Things to do in Wallingford, Oxfordshire
In 1066 William the Conqueror came to Wallingford and ordered the building of the castle which must have been impressive; it was to dominate the town for the next 600 years.
History of Wallingford
Wallingford certainly has a great deal of history and is a gem for the local history buff.
A trip to the museum, housed in the medieval oak beamed Flint House is a delight.
It narrates the story of Wallingford, including details of being the Saxon King of Wessex Alfred's largest fortified town.
He ordered the building of the Saxon banks that would have enclosed and protected the whole town and the remains can be seen around the Kinecroft.
The narrow lanes of the older part of Wallingford follow the outline of the original Saxon roads which once echoed to the tread of other famous feet now consigned to history including writers, brigands and military leaders.
Agatha Christie lived on the outskirts of the town and is now laid to rest at Cholsey.
Dick Turpin is said to have holed up in one of the oldest buildings along the High Street, the George Hotel.
During the civil war, under the charge of Colonel Blagge, Wallingford remained faithful to the King until he and his battalion, besieged by Sir Thomas Fairfax, were eventually forced out.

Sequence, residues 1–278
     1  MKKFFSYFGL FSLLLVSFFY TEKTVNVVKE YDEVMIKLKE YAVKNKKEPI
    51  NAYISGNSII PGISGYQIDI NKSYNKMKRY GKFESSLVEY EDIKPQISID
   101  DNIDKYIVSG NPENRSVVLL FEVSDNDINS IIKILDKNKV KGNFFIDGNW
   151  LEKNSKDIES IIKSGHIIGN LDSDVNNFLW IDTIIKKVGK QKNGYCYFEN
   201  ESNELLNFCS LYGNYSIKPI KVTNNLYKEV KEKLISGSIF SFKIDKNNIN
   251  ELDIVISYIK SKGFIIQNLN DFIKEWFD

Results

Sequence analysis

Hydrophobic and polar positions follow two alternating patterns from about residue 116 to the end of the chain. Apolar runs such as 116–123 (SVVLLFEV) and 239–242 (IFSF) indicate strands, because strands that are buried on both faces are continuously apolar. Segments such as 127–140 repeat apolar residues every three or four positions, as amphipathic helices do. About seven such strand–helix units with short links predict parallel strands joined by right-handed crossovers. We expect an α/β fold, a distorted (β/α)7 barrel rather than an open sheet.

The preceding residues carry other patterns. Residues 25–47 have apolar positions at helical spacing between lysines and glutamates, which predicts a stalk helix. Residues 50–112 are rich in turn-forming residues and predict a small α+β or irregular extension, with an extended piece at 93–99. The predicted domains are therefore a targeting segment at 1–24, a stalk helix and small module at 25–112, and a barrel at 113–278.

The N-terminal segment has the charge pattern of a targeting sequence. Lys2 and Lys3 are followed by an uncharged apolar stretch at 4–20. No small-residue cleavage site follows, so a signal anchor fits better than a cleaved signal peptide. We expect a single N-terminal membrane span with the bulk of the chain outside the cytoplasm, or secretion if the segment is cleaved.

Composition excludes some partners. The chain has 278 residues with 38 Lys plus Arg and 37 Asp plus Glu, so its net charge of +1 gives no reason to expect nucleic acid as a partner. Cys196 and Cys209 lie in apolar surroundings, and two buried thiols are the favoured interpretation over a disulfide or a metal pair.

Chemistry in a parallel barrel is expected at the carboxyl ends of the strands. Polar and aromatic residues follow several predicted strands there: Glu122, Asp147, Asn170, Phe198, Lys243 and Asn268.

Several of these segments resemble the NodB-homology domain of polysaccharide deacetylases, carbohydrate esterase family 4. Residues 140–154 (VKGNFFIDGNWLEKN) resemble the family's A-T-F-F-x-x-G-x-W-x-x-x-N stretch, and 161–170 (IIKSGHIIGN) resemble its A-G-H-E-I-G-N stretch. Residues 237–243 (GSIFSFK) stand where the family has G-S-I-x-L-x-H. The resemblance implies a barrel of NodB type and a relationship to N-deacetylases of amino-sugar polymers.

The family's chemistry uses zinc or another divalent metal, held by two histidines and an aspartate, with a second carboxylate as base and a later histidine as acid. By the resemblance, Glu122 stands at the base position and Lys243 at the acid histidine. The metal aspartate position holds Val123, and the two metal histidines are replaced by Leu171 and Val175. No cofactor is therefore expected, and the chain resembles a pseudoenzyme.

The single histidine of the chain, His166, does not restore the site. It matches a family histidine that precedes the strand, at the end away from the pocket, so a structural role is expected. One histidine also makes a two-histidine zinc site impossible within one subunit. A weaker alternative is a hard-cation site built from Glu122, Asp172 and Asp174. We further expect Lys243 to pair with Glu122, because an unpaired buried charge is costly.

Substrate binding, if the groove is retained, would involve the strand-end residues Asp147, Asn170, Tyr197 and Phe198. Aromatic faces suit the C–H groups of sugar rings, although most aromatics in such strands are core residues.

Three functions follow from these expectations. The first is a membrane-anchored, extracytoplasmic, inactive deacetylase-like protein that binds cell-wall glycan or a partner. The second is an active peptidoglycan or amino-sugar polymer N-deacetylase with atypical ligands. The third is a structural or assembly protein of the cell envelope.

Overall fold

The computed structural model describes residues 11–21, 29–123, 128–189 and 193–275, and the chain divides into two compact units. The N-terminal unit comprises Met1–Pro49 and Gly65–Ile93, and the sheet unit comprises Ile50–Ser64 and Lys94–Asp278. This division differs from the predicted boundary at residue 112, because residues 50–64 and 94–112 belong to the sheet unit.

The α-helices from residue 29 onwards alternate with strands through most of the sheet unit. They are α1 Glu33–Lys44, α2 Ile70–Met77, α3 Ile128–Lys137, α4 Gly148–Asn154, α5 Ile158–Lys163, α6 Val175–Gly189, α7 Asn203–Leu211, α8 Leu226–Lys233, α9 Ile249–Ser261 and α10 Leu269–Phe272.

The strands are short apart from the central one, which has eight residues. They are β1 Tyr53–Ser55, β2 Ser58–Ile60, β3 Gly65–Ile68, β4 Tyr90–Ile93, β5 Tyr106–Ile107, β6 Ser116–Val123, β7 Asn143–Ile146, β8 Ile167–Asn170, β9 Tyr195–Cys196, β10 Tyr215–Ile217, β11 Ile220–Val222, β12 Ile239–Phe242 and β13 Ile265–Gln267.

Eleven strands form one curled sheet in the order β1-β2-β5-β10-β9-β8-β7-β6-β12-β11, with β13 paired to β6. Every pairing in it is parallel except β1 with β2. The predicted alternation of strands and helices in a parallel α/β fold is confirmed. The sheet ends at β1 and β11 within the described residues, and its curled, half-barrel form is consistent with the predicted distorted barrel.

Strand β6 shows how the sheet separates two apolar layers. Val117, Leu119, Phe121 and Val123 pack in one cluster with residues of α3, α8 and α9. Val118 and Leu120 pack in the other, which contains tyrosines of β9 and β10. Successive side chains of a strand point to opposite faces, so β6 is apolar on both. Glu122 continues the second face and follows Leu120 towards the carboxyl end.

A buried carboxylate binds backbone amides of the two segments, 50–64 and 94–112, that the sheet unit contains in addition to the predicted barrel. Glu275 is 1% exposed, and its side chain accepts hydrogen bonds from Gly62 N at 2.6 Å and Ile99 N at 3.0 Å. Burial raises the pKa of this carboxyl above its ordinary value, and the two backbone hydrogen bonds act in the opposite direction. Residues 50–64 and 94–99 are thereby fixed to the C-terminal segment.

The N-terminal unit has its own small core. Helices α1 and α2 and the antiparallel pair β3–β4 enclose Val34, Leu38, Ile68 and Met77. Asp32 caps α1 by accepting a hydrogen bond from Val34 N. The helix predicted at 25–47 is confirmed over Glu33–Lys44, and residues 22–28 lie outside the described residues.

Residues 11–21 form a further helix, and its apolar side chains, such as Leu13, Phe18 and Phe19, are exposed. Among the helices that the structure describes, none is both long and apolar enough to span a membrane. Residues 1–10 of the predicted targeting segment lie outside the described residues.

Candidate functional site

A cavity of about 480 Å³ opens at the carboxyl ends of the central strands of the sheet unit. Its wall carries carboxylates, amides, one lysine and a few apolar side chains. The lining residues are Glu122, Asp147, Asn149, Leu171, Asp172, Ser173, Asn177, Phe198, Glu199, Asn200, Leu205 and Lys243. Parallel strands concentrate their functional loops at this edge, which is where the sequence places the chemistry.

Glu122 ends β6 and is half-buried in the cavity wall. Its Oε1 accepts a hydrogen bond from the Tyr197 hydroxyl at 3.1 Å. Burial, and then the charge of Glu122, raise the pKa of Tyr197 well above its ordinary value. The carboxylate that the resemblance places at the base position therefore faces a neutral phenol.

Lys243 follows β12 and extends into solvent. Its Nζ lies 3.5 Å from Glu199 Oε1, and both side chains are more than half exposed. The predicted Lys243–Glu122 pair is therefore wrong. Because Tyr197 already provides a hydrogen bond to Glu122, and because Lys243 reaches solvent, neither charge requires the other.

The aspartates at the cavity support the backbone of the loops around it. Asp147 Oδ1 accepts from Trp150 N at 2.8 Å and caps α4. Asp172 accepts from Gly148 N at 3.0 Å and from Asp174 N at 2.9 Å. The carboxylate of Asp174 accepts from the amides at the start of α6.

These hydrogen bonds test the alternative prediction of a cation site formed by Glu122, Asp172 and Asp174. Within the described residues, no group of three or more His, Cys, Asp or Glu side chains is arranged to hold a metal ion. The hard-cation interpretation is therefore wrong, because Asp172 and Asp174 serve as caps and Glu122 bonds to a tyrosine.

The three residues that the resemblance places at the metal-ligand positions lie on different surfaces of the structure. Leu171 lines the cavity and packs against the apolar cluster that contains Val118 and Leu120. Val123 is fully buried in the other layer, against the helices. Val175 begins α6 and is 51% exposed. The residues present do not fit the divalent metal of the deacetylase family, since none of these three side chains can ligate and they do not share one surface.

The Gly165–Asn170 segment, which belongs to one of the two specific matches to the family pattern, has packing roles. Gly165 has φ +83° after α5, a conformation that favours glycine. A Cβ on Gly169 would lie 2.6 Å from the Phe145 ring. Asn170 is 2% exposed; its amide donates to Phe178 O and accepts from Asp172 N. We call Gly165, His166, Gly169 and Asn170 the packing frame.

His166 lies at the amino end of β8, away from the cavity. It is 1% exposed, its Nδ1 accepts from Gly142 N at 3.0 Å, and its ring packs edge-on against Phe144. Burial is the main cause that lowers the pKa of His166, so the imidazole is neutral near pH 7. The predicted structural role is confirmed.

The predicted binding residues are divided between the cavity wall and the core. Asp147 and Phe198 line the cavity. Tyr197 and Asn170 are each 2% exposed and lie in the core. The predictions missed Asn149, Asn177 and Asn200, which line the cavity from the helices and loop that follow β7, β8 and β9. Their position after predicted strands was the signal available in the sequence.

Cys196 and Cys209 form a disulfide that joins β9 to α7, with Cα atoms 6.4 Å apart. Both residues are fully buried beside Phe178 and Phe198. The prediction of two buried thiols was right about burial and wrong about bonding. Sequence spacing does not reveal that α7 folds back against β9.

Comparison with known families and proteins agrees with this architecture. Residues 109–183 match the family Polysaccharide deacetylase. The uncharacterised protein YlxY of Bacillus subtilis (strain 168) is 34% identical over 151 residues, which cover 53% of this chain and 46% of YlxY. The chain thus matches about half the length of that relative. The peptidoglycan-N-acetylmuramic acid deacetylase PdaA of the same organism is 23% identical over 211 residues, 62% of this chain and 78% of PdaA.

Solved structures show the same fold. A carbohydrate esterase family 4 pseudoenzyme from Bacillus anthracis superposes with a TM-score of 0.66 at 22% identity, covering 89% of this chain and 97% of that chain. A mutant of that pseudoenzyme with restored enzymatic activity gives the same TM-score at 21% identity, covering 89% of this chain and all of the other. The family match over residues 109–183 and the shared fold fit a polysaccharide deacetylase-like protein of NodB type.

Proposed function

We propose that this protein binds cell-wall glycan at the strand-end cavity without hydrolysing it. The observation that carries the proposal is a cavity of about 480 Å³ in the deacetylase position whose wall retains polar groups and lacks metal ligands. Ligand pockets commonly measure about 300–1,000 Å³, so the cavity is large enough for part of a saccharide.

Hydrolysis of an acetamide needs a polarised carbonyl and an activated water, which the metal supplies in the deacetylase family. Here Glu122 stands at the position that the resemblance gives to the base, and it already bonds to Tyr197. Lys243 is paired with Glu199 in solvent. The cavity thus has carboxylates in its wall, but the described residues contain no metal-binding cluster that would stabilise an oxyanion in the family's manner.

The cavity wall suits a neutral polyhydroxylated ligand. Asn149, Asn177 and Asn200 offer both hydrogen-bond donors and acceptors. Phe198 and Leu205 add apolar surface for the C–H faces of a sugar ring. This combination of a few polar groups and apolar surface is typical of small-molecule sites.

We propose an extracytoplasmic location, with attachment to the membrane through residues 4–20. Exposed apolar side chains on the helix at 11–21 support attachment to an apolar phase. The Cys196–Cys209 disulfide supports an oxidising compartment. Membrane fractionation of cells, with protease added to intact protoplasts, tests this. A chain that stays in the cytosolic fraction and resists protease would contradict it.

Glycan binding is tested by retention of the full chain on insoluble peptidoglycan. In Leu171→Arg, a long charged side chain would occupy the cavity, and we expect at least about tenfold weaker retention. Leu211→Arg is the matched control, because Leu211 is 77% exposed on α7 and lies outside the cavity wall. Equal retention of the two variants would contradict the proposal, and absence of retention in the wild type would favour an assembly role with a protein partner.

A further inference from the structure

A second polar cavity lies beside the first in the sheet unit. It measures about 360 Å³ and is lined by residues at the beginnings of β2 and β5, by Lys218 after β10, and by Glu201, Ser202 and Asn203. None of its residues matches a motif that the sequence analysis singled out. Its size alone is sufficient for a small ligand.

Shopping and Entertainment in Wallingford
The centre of this Oxfordshire market town is an eclectic mix of old and new with traditional and charming shops mingling with the ultra modern.
If the visitor is in pursuit of antiques then Wallingford is the place to come.
The impressive Lamb Arcade, once a coaching inn, is packed full of curios and also has a lovely tea room.
The market centre is dominated by the Town Hall, built in 1670, where Judge Sir William Blackstone presided as Recorder of Wallingford and wrote ‘Commentaries on the Laws of England'.
Sir William Blackstone is buried in Saint Peter's Church with its dominant spire.
Unfortunately, this interesting looking church is now closed and a plaque outside confirms that it is "no longer used for worship but it remains a consecrated building and part of England's history".
Near to the Town Hall is the old Corn Exchange, built in 1856.
This Grade II listed building had been abandoned and deteriorated badly until it was rescued by the Sinodun Players in the 70's.
They have done a fantastic job of transforming it into a distinctive venue providing a unique atmosphere for a visit to the theatre or cinema.
Being so close to the Thames there are a lot of water activities.
A visitor in July may witness the Royal Swan Upping when the Queen's Swan Marker makes the annual census of the Queen's swans who live on the Thames.
The Swans are counted, measure and ringed after the new cygnets have fledged.
Wallingford's steam railway heritage is preserved at the nearby Cholsey and Wallingford Steam Railway for those with a passion for old steam trains.
Description by Trudie Evans
Share this page